That said, now that the U.S. and U.K. helped set into motion a multifront civil war, I think it would be immoral to say "Whoops, sorry we destroyed your country" and then depart to leave the Iraqis at the mercies of the Iranians, the Syrians, the Turks and Al Qaeda.
Unless one subscribes to a theory that news organizations across the board a conspiring to slant the news in favour of the now-thoroughly discredited Bush administration, articles written by journalists on the ground, in Iraq suggest that, however unpalatable the U.S. and U.K. presence in Iraq is (and for me, it definitely is), the alternative at present is far worse.
I don't know if any of the armchair commentators such as myself really have the answer for this mess, though some opinion writers certainly seem to think they do. I certainly don't have the answer, aside from hanging on a little while longer with Congress pushing the Bush administration to try and put Iraq back together again. I just more or less have always adhered to the "you broke it, you bought it" school of foreign affairs and, as such, feel that it would be wrong the throw the Iraqis to the wolves any more than they have shamefully been already. Hopefully, some day, the Bush administration. will be hauled into the dock to answer for all of this, but as disorganized and spineless as the Democrats often show themselves to be, I doubt it.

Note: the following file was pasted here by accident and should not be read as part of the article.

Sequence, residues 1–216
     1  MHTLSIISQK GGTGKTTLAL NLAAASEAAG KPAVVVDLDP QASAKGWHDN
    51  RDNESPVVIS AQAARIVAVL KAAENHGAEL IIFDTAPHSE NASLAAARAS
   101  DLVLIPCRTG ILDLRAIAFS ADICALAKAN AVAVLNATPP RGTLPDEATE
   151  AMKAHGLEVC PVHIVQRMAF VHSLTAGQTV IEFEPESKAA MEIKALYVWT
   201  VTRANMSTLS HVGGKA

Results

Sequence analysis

For further reading on the subject, I suggest two books: The Assassins' Gate: America in Iraq by New Yorker staff writer George Packer and Night Draws Near: Iraq's People in the Shadow of America's War by a Lebanese-American (and Arabic-speaking) Washington Post correspondent Anthony Shadid,
The first, written by someone who was a moderately pro-invasion left-winger, examines how, in the wake of September 11th and given Saddam Hussein's record - the invasions of Iran and Kuwait, the al-Anfal Campaign against the Kurds, the tens of thousands of Shiites murdered in the wake of the first Gulf War, the everyday brutality and monstrousness of the regime and behaviour of the two maniac sons he intended to bequeath it to - some rather decent folks such as Kanan Makiya and Ayad Rahim were able to justify supporting the invasion on humanitarian grounds (an ironic turn of phrase) and how that support was used by some of the most cynical, corrupt and least visionary political operators Washington has ever seen in mustering an agenda for the ultimately disastrous enterprise. I don't know if I have ever read a more scathing critique of the administration or its policy, its ignoring of its own Middle East experts and military planners or the fantasy of the neocons thinking they would remake the Middle East in their own image.
The second book paints a devastating picture of the effects that the war and its aftermath had on the lives of ordinary Iraqis, of whom Shadid appears to have interviewed hundreds. It is really reportage in the finest tradition and it gives a despairing picture of the human cost of the endeavour.
In the meantime, if anyone has any suggestions or thoughts on the subject, please do comment away.